Fe features a unique and beautiful art style, some charming characters and a focus on sound. While the style and sound certainly impress, let’s see how the rest of the game stack up.

Fe doesn’t have a traditional story or even a traditional narrative. The game will play various cutscenes throughout the game that hint to various objectives or give more context to what is going on. This approach aims to allow the player to use their curiosity and intuition to solve puzzles as they explore. While this way of storytelling works most of the time, there are definitely times where I felt stuck. Now, the game has a hint system where players can communicate with a bird that will guide them to various objectives. But once you get there it can take some time to figure things out.

The gameplay is also a bit of a mixed bag (generally speaking, you could consider Fe an open world adventure game with some puzzle aspects). I loved the idea of using sound to communicate with various creatures to progress but it was just a pain traversing the world. The jumping and other platforming mechanics felt really loose and floaty. You will learn new abilities that certainly improve how you get around, but it never gets to the point of feeling effortless. This was painfully apparent at one point in the game where the player has to climb some trees on the back of a large deer-like creature. It took maybe a dozen tries to get to the top—all the while, the creature is walking around in a circle in the game world. If you fall, you have to repeat the process. I usually ended up falling during a particularly tricky jump at the top of the back-left leg. What was once a really cool set-piece quickly turned into a chore.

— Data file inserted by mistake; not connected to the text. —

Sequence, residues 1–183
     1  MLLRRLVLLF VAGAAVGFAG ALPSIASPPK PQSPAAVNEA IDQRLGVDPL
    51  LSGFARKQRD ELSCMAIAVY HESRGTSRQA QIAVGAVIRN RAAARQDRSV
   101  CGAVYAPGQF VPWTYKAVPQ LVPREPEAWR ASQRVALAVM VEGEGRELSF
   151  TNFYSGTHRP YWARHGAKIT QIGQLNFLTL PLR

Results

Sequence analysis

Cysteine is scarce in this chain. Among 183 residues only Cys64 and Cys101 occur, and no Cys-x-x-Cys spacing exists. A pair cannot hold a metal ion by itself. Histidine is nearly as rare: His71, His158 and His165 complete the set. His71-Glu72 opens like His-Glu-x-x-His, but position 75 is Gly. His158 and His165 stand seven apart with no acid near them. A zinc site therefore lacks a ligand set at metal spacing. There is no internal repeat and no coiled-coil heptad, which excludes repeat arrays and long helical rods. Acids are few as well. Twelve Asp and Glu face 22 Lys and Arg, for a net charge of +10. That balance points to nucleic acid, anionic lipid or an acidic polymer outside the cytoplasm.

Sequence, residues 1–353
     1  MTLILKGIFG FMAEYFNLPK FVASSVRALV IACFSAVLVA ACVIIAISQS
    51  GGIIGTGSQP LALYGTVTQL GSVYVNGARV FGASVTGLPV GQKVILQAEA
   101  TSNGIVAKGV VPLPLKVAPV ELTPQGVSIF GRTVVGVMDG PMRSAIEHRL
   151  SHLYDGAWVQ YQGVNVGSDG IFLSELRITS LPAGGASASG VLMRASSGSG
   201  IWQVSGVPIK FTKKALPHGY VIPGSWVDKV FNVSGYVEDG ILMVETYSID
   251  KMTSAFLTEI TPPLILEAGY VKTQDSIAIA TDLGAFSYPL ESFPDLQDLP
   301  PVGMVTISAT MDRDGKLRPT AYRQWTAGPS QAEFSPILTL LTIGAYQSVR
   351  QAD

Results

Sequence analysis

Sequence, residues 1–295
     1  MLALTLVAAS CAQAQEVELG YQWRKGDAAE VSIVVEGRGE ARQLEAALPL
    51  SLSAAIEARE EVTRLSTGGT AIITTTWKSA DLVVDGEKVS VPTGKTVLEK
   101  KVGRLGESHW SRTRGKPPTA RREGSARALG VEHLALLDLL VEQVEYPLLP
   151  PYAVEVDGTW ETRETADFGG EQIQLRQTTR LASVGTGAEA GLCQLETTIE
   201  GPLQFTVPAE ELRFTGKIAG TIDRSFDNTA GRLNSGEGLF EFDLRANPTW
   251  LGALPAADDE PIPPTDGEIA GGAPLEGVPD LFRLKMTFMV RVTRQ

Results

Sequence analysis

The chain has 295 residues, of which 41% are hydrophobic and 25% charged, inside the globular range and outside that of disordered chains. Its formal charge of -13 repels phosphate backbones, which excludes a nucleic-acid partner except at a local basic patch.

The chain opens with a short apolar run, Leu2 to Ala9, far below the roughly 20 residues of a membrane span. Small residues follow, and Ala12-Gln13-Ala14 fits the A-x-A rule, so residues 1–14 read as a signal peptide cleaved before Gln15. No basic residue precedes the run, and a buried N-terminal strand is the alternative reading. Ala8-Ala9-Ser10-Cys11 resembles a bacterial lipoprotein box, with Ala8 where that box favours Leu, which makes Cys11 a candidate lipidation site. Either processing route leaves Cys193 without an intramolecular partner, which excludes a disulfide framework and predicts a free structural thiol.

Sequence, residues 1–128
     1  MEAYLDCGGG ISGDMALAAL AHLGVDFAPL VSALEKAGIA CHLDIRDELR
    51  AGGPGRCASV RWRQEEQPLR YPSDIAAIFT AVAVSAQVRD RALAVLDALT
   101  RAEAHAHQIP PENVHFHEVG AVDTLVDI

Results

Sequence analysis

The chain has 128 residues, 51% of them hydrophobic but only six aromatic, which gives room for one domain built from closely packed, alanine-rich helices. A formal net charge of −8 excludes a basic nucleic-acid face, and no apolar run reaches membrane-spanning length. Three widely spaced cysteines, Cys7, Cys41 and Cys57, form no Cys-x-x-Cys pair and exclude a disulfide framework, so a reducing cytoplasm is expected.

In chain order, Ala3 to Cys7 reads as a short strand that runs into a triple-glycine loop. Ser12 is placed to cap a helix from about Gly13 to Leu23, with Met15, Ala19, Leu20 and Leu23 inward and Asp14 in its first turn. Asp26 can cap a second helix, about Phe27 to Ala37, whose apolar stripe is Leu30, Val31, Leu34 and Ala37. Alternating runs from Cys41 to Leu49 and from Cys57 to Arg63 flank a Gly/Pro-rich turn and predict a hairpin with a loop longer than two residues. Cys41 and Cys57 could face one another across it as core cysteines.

The frame rate was also problematic. It looks like they were targeting 30 fps, but the game felt way more sluggish. It felt very un-optimized and most of my gameplay was in docked mode. Learning new animal ‘languages’ / songs was a fun gameplay mechanic but it was a little tedious having to swap between various songs to activate flowers or other platforms as you were gliding.

The presentation and sound design are the best parts of Fe. The game employs a low-polygon art style which works really well for the whimsical and dream-like natural setting. The sound effects are quite diverse and detailed based on your character’s movements. Swimming through water was particularly nice and featured a peaceful babbling brook feel. When players learn new songs, they simply go up to an animal and a waveform will appear. As you tilt the controller (you can turn off motion controls for this, but it was well-implemented) up or down, the pitch of your call changes. Once you match the pitch of the other animal, two orbs will flow into the center of the waveform along a line. Players just need to hold that note until they meet in the middle. As much as the audio and visual aspects shined, the game became less fun the more I played.

If you are looking for a decent, relatively short (4-6 hours) adventure game with a great art style, Fe will definitely scratch that itch. I just wish the platforming was tighter and more responsive.